In the Bruges Cloth Hall 4 0 the scale of the building relates to the immediate square, while the vio- lently disproportionate scale of the tower above relates to the whole town. For similar reasons the big sign sits on top Soane Soane House and Museuni. The Arc de Triomphe also has contrasting functions. Seen diagonally from the radial approaches other than the Champs Elyskes, it is a sculptural termination.
Seen perpendicularly from the axis of the Champs Elyskes, it is spatially and symbolically both a termination and a portal. Later I shall analyze some organ- ized contradictions between front and back. But here I shall mention the Karlskirche in Vienna 42 , whose exterior contains elements both of the basilica in its fasade and of the central-type church in its body. A convex form in the back was required by the interior program; the urban space required a larger scale and a straight fagade in front.
The disunity that exists from the point of view of the building itself is contradicted when the building is seen in relation to the scale and the space of the neighborhood. The double meanings inherent in the phenomenon both-and can involve metamorphosis as well as contradic- tion. I have described how the omni-directional spire of the tower of Christ Church, Spitalfields, evolves into a direc- tional pavilion at its base, but a perceptual rather than a formal kind of change in meaning is possible. In equivocal relationships one contradictory meaning usually dominates another, but in complex compositions the relationship is not always constant.
This is especially true as the observer moves through or around a building, and by extension through a city: at one moment one meaning can be per- ceived as dominant; at another moment a different meaning seems paramount. In St. George, Bloomsbury 30 , for instance, the contradictory axes inside become alternatingly dominant or recessive as the observer moves within them, SO that the same space changes meaning.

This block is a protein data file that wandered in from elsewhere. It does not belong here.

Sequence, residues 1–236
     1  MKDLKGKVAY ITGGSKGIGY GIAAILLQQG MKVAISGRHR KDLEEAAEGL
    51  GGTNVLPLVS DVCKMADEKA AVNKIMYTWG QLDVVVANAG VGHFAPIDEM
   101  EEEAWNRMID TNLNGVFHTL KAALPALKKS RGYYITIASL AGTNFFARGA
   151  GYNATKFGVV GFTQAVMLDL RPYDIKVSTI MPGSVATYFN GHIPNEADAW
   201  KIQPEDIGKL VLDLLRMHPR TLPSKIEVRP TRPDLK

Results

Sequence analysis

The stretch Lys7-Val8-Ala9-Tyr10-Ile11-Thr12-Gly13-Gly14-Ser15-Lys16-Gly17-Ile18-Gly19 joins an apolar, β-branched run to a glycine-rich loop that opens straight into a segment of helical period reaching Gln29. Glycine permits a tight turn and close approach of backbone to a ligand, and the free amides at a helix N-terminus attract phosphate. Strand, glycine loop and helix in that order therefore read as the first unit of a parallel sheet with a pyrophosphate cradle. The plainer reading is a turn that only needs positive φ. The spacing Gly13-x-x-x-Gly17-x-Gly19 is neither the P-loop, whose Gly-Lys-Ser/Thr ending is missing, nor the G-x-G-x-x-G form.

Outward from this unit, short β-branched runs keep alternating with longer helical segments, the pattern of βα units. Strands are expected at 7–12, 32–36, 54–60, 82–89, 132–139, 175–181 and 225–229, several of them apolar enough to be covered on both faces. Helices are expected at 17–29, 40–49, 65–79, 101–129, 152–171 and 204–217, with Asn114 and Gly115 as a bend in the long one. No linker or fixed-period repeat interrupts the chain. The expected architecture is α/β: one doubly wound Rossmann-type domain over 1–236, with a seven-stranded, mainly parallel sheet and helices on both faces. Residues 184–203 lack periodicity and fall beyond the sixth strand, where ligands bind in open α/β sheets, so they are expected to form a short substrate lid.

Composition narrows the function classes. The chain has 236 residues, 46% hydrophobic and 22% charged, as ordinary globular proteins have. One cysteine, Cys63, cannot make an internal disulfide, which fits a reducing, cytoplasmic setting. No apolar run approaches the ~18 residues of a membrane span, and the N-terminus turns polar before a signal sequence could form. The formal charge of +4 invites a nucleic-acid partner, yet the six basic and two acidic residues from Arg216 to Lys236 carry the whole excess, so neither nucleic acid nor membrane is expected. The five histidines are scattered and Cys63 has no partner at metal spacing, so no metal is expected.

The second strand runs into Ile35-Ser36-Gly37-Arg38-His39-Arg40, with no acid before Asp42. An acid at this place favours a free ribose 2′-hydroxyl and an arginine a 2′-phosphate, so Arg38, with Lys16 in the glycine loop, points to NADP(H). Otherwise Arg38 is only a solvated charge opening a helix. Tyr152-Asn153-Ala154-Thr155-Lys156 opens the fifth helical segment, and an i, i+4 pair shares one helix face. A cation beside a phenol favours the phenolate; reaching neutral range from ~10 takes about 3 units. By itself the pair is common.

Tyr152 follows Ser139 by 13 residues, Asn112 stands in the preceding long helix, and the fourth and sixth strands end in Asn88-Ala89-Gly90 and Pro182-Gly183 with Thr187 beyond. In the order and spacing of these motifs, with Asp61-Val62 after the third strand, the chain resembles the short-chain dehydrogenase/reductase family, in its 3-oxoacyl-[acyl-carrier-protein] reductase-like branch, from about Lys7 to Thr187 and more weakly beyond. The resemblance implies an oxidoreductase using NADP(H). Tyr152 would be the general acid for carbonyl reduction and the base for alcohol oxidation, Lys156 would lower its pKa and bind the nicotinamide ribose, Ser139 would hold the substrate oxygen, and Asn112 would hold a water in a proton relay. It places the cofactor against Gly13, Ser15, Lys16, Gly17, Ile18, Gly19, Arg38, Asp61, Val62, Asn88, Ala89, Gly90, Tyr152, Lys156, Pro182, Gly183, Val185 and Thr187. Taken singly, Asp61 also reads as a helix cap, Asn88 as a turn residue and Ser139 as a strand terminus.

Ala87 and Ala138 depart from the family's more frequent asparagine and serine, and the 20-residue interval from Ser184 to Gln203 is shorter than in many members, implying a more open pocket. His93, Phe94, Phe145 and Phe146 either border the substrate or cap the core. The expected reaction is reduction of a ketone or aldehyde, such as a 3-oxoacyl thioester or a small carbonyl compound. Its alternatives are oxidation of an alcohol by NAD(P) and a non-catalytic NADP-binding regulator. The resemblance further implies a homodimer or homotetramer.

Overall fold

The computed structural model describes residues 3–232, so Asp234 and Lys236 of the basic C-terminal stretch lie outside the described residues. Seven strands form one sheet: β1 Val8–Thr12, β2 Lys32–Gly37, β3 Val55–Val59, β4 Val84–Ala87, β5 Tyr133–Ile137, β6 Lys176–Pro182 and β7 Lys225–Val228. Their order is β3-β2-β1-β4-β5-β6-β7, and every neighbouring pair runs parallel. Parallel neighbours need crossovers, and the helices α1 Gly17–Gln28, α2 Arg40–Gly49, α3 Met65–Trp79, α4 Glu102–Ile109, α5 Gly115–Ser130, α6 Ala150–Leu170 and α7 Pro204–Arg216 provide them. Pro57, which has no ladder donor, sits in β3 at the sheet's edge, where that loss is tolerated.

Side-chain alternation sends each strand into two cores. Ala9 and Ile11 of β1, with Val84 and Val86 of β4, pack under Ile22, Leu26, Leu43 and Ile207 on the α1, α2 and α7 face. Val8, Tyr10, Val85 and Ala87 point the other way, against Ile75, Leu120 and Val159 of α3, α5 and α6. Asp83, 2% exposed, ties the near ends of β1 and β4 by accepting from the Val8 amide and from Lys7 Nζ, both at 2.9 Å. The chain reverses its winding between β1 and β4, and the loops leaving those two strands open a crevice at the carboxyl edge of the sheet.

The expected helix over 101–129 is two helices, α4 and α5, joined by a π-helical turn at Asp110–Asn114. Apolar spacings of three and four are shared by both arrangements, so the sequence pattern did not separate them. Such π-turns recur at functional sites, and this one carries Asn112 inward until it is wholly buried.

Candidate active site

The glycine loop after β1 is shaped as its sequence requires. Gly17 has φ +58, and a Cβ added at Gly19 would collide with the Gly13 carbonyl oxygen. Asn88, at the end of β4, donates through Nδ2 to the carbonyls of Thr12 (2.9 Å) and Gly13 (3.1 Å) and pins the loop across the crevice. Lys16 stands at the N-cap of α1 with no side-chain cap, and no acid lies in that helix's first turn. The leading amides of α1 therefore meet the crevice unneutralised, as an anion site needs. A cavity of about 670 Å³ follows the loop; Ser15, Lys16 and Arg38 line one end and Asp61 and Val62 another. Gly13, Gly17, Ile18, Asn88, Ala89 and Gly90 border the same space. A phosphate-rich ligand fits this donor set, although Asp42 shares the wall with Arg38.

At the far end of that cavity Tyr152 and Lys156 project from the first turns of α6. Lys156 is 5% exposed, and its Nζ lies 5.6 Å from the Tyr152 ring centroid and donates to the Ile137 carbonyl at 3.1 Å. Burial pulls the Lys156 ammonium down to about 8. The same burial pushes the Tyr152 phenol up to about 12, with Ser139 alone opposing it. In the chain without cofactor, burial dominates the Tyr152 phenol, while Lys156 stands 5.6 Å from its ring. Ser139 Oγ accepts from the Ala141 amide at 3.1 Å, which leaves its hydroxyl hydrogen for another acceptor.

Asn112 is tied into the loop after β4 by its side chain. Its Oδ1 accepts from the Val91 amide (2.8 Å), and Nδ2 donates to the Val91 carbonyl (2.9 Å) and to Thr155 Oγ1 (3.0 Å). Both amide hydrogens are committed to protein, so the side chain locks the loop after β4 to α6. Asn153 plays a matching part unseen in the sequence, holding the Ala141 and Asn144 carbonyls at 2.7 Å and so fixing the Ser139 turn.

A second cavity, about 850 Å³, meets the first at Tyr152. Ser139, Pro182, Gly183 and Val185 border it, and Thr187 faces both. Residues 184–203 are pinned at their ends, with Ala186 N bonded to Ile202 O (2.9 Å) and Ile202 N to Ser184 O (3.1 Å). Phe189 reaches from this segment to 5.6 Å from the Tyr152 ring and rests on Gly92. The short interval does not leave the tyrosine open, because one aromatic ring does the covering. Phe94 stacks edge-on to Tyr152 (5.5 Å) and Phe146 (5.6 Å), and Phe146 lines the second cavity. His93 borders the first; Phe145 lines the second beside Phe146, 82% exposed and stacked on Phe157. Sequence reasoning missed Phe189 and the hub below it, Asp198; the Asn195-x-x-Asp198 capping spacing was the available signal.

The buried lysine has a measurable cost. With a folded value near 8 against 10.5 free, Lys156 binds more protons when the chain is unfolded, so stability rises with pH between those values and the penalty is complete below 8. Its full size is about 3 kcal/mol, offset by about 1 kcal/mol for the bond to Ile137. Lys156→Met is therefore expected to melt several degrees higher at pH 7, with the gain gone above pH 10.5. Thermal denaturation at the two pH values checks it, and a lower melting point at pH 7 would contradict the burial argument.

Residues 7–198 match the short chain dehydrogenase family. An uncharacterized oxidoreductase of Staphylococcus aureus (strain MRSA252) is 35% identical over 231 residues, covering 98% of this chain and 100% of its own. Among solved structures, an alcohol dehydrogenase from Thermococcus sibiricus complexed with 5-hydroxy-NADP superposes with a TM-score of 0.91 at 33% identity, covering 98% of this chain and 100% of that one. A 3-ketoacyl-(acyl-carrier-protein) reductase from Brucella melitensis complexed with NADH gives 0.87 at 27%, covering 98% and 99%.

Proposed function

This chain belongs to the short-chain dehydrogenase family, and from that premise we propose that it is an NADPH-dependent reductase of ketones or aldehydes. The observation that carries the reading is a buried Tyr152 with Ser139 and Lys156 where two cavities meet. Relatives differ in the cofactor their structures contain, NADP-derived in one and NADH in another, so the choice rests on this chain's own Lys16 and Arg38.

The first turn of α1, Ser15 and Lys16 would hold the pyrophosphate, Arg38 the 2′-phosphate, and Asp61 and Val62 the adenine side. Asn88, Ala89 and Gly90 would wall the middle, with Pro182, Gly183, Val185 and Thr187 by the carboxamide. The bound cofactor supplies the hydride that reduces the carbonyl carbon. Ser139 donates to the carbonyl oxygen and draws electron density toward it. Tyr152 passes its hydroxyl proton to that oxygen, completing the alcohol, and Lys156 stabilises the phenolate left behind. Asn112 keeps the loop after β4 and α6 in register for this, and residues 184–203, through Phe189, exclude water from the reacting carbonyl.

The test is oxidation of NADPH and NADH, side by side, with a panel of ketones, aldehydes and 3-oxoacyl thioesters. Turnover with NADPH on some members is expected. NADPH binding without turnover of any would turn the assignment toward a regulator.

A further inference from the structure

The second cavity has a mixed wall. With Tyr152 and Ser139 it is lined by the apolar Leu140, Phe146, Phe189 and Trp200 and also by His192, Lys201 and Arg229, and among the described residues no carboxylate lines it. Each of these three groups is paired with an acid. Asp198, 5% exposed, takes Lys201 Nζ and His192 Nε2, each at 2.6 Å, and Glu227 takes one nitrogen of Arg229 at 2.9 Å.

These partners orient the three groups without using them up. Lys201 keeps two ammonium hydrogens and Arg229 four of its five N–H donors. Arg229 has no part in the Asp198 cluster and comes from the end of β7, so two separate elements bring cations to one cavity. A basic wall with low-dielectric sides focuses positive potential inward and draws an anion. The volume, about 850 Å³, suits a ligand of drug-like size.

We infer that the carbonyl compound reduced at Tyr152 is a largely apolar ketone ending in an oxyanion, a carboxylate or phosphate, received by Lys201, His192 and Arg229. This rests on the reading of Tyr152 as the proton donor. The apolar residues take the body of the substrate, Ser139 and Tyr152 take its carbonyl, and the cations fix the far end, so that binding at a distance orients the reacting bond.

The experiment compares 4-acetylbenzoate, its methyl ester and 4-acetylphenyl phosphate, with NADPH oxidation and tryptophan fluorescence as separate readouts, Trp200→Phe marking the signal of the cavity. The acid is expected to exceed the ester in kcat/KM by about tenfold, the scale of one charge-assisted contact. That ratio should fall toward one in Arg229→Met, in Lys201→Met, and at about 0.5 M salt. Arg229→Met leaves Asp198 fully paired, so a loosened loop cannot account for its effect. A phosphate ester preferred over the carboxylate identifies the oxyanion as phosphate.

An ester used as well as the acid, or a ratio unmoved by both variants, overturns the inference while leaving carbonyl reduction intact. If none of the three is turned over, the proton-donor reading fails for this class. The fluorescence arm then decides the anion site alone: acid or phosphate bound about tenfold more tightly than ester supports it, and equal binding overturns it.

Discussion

Here is another dimension of "space, time and architecture" which involves the multiple focus. Christ Church. Cloth Hall and Belfry, Bruges Fischer von Erlach. Contradictory Levels Continued: The Double-Functioning Element The "double-functioningm27 element and "both-and" Le Corbusier's Algerian project, which is an apartment house are related, but there is a distinction: the double-function- and a highway, and Wright's late projects for Pittsburgh ing element pertains more to the particulars of use and Point and Baghdad, correspond to Kahn's viaduct architec- structure, while both-and refers more to the relation of the ture and Fumihiko Maki's "collective form.
Both-and emphasizes double meanings have complex and contradictory hierarchies of scale and over double-functions. But before I talk about the double- movement, structure, and space within a whole. These functioning element, 1 want to mention the multifunction- buildings are buildings and bridges at once. At a larger ing building. By this term I mean the buil4ing which is scale: a dam is also a bridge, the loop in Chicago is a complex in program and form, yet strong as a whole-the boundary as well as a circulation system, and Kahn's street complex unity of Le Corbusier's La Tourette or the Palace "wants to be a building.